Peter Matthiessen is a consultant ecotoxicologist who has been researching the effects of endocrine disrupters on aquatic wildlife for almost 30 years, and has contributed to approximately 130 peer-reviewed science publications. He has also been closely involved in the development of test methods for EDCs through his co-chairmanship of the OECD Validation Management Group for Ecotoxicity Tests (VMG-eco). Professor Matthiessen has been partly responsible for the development of detailed OECD guidance on how to interpret data produced by the new EDC-sensitive tests, and he is a firm supporter of the need to assess potential EDCs using risk assessment procedures.

Ellen Mihaich (Environmental and Regulatory Resources, USA)

Dr. Ellen Mihaich, owner of Environmental and Regulatory Resources, has worked in the chemical industry for over 23 years. Among endocrine-related activities, she has been a BIAC representative to the OECD Eco Validation Management Group for the last 12 years. She participated in ICCVAM panels on in vitro testing for endocrine active compounds and the use of the Frog Embryo Teratogenesis assay in human health assessment. She is the scientific coordinator for the Endocrine Policy Forum, a consortia of Tier 1 Test Order recipients.  She received a B.A. from Wellesley College and M.S./Ph.D. degrees in environmental toxicology from Duke University.  She is a past president of SETAC and a Diplomate of the American Board of Toxicology.

Sharon Munn ( EC - JRC)

Sharon Munn has a degree in Applied Biology from Cardiff University. She has worked for the European Commission's Joint Research Centre since 1996 in the field of human toxicology and risk assessment supporting the implementation of the Existing Substances Regulation and the development of the REACH regulation, and latterly in support to DG ENV on the Community Strategy for Endocrine Disrupters, chairing the Endocrine Disrupters Expert Advisory Group.

Tinka Murk (Wageningen University, NL)

Tinka Murk is professor Environmental toxicology at Wageningen University, NL. She has over 20 years of experience in the field of environmental toxicology, developmental toxicology, risk assessment, the development of mechanism-based biomarkers for exposure and effect and environmental sample preparation and validation of bioassays. She has experience as member or scientific advisor of several advisory boards and review panels, including the OECD (Thyroid scoping effort expert group; in vitro alternatives for thyroid hormone disrupting compounds); Dutch  Health Council (Endocrine disrupting compounds in ecosystems, Ecological standard setting for compounds, Transfer of toxic compounds in food chains), ASAT (assuring safety without animal testing), Member of the Ethical Committee of Wageningen University and Research, Netherlands Organization for Scientific Research (NWO), and scientific expert for several International research council reviews. Her mechanistic research focuses on sub-lethal effects of persistent endocrine disrupting chemicals on early life stages of vertebrates and invertebrates, and includes the application of transgenic cell and animal models. Her scientific production includes more than 150 original peer reviewed scientific publications (h-index=31).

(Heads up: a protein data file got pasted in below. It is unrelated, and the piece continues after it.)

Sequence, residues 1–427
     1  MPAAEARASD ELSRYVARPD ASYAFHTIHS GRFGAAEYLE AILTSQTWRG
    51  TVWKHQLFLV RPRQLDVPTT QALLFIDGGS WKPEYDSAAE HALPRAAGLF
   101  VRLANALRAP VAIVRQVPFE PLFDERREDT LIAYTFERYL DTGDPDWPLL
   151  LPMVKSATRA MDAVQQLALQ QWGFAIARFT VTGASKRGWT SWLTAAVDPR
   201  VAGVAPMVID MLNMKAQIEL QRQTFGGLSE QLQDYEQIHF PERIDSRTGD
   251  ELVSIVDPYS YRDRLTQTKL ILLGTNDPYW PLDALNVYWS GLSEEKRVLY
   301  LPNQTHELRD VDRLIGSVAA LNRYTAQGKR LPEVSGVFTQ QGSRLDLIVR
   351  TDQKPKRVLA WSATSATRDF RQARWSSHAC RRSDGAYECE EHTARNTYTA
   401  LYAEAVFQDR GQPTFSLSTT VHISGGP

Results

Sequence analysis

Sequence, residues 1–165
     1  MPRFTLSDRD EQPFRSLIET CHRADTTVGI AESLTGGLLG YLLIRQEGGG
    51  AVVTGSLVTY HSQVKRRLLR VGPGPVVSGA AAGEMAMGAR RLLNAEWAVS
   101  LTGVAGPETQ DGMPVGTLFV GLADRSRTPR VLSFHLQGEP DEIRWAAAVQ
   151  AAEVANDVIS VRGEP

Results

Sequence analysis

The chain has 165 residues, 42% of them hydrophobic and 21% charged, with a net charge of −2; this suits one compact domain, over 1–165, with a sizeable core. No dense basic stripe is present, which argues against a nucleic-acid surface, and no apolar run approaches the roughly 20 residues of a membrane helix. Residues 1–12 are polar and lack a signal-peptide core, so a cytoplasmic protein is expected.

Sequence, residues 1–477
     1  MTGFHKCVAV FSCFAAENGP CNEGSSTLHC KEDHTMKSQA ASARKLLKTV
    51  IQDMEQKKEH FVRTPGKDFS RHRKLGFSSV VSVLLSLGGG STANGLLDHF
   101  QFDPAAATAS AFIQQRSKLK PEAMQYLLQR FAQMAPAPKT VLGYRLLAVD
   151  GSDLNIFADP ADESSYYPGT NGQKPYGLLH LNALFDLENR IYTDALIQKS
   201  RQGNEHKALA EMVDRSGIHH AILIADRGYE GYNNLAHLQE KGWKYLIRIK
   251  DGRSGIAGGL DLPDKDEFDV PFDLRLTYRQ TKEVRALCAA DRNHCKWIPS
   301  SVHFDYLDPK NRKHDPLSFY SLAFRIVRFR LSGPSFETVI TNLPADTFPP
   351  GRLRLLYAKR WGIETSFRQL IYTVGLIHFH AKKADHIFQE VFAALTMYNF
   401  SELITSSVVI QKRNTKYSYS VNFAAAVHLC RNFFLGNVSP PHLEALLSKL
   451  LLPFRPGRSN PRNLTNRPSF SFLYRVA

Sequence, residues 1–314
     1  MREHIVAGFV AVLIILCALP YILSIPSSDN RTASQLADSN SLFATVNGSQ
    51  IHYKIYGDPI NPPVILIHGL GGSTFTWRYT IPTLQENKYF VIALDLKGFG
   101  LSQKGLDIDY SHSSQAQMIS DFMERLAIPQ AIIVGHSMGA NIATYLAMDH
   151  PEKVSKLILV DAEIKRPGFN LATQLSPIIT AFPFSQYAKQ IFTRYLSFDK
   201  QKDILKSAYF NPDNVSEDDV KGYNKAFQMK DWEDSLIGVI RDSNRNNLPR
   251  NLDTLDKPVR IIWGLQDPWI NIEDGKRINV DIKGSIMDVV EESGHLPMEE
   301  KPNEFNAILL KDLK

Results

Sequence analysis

Lisa Ortego (Bayer CropScience, USA)

Lisa S. Ortego, Ph.D., DABT, is an ecotoxicologist with Bayer CropScience.  She holds a Ph.D. in pharmacology and toxicology from the University of Mississippi and is certified by the American Board of Toxicology.  Dr. Ortego has worked in the private sector for 17 years.  She has a leadership role in her company and in industry working in the endocrine issues area.  She chairs the technical working group of the Endocrine Policy Forum, a consortium to address needs with respect to regulatory, policy and technical issues.

 

Frauke Stock (UBA, DE)

Frauke Stock, holding a phD in biology, Is a staff member of the Federal Environment Agency in Germany since 2005. Since 2007 her focus is on the identification of endocrine disrupters as substances of very high concern under REACH. She is a member of the European Commission expert group which proves scientific support for the development of criteria for the hazard based assessment of endocrine disruptors.

 

Dick Vethaak (VU University Amsterdam, NL)

Dick Vethaak works at the knowledge institute Deltares and is an endowed professor of Ecotoxicology at the VU University Amsterdam, Institute for Environmental Studies. He has a broad experience in issues related to endocrine disrupting chemicals. Amongst others, he was chair of the advice committee on “Hormone disruptors in ecosystems” of the Health Council of the Netherlands, and external advisor to the Scientific Committee on Toxicity, Ecotoxicity and the Environment (CSTEE) of the European Commission. He published about 90 peer-reviewed articles, book chapters and more than 200 reports and other articles.

James Wheeler (Syngenta, UK)

James Wheeler is an ecotoxicologist for Syngenta based at Jealott’s Hill in the UK. He is involved in the management of ecotoxicology studies and risk assessments to support the registration of plant protections products. He is a member of several groups, including OECD and industry associations, looking into developing and implementing ecotoxicity tests and assessment schemes to evaluate endocrine disruption. He holds a PhD, Masters and first class degree from the University of London.